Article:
In 1979 Mazda jumped into the two-seat sports car market with the basic, no-frills, rotary-powered RX-7. The car was an instant winner, and Road & Track referred to it as "a major breakthrough for the enthusiast." Its primary competition, the once lean and mean Datsun 240Z of the early '70s, had become the 280ZX, an overweight boulevard cruiser.
Mazda had been using the Wankel rotary engine in its cars since the late 60s, but problems with poor fuel economy and high emissions limited its appeal. However, the type 12A rotary engine used in the RX-7 underwent a host of improvements that both boosted horsepower to 100, improved fuel economy to 20 mpg and increased the lengevity of the seals of the rotors. 0-60 times of 9.2 seconds were recorded, along with a 122 mph top speed-very respectable performance for the base price of $6,395.
In 1984 the top-end GSL-SE model received the 13B rotary, a 1308-cc engine that produced the 135 bhp and 133 lb/ft of torque. The 13B was equipped with Bosch L-Jetronic fuel injection as opposed to the four-barrel Nikki carbs of the earlier cars, helping make this model much quicker than its predecessors.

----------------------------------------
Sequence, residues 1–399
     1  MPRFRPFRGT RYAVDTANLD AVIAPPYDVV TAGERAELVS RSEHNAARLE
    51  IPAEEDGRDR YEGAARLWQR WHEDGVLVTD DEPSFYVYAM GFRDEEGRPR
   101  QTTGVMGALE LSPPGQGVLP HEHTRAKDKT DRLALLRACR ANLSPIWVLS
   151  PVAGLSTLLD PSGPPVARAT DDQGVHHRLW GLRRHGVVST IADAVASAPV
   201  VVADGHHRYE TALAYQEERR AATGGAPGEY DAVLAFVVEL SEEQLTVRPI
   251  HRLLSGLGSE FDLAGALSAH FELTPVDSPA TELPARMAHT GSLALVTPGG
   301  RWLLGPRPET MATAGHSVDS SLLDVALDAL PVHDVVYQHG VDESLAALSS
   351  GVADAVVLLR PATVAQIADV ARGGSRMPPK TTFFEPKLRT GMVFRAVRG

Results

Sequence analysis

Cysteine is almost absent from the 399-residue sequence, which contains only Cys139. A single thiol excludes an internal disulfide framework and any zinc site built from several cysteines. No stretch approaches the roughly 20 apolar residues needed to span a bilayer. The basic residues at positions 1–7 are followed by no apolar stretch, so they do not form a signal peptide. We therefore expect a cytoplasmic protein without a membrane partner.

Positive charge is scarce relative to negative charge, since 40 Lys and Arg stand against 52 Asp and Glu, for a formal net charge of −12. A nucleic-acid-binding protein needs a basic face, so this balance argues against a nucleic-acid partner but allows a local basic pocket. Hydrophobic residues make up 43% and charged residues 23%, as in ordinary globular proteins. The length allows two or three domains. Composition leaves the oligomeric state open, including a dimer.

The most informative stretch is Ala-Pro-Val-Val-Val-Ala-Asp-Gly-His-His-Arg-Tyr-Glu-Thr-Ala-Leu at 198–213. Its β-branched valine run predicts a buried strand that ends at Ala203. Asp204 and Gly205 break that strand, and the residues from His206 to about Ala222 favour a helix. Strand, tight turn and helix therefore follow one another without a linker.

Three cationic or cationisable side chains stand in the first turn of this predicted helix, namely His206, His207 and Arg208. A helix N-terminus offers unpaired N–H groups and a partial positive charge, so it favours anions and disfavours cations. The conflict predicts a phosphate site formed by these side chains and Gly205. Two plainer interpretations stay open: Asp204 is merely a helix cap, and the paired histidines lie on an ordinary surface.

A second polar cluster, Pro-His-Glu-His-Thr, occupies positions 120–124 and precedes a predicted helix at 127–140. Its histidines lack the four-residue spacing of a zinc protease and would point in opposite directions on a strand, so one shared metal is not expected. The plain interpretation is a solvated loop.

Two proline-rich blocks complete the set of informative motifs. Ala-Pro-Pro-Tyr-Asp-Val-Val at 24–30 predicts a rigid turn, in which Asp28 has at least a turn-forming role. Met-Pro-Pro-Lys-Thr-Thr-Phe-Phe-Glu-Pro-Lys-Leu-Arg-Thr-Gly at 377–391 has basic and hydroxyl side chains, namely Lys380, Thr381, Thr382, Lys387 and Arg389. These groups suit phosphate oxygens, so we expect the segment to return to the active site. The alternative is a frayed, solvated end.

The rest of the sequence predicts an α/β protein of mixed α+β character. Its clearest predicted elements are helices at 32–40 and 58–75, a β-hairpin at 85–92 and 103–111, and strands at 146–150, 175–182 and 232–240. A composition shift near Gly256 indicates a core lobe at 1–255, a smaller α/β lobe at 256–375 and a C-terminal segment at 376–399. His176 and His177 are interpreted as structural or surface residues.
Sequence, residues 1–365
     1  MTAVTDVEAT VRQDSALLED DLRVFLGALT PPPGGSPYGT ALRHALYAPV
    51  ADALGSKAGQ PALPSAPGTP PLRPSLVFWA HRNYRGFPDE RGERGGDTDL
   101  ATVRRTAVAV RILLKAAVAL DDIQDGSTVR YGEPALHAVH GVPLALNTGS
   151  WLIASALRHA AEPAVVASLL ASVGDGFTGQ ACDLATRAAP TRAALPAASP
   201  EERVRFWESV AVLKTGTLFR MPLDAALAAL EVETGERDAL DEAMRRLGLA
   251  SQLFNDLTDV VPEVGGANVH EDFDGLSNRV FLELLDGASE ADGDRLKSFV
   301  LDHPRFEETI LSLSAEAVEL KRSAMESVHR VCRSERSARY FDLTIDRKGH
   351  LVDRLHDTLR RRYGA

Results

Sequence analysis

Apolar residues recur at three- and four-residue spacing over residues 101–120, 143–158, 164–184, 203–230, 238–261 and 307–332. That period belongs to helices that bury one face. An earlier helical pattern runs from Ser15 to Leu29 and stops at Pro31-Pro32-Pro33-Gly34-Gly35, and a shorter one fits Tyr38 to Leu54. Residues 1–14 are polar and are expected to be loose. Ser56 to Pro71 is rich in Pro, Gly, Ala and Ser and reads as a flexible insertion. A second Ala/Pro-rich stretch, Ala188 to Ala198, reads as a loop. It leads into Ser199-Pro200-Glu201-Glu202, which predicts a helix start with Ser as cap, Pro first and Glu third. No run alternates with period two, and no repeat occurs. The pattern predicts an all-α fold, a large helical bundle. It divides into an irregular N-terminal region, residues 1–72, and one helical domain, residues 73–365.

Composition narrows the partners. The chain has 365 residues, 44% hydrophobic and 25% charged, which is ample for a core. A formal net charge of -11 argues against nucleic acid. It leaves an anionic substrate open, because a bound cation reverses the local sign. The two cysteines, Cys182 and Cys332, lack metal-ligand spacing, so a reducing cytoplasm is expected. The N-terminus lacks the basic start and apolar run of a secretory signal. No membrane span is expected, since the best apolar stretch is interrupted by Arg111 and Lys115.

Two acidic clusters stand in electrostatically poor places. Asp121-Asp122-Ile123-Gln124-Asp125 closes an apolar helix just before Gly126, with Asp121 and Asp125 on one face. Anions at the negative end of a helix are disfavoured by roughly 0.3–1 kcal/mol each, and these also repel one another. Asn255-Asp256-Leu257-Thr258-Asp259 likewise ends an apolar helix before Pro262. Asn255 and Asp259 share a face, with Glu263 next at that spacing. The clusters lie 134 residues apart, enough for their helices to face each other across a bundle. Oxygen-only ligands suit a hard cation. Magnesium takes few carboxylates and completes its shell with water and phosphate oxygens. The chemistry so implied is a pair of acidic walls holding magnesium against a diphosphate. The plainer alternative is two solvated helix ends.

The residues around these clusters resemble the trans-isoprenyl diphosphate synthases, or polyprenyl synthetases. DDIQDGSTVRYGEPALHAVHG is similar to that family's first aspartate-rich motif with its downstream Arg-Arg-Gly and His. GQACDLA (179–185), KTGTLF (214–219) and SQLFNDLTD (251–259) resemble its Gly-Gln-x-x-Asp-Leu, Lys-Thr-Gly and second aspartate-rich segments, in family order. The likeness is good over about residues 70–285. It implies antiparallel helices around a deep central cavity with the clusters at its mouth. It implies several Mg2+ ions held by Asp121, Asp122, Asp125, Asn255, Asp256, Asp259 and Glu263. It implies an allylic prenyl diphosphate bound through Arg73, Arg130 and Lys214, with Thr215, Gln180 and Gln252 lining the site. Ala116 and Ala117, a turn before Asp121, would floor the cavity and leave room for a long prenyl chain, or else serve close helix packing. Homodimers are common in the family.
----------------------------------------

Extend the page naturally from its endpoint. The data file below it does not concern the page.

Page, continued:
When looking at a used RX-7, the drill is the same as with any low-cost sports car that may have spent time in the hands of budget-minded but lead-footed owners. Avoid cars that have evidence of serious collision damage. Check doors and rear fender lips for rust. Sunroofs leak with age, leading to corrosion in the floor pans. By now, most RX-7s will benefit from replacement of suspension joints and bushings. However, front ball joints are integral with the lower control arms and must be replaced as a single piece, an expensive proposition compared to an American car.
High-mileage cars are suspect in that the early engines, if neglected, tend to die once they pass 100,000 miles. Also, Mazda Masters in Sunnyvale, California, notes that on first-generation (1979-85) engines in particular, oil on top of the engine indicates a leak that can only be fixed by replacing the engine. Due to the unusual engine configuration, some mechanics are reluctant to work on RX-7s. Finding a competent mechanic may be more difficult finding a good car.
A superb RX-7 should cost $3,000 to $5,000; don't waste your time considering the $1,500 dogs that litter the classifieds. Option packages don't make a significant difference in price, so look for a fully loaded car in superb condition, With nearly 500,000 built, RX-7s are unlikely to appreciate significantly. However, with their rotary engines, they provide a unique motoring experience and represent a piece of automotive history, both of which can be yours at a very affordable price. And finding a good RX-7 is probably as easy as opening your local newspaper.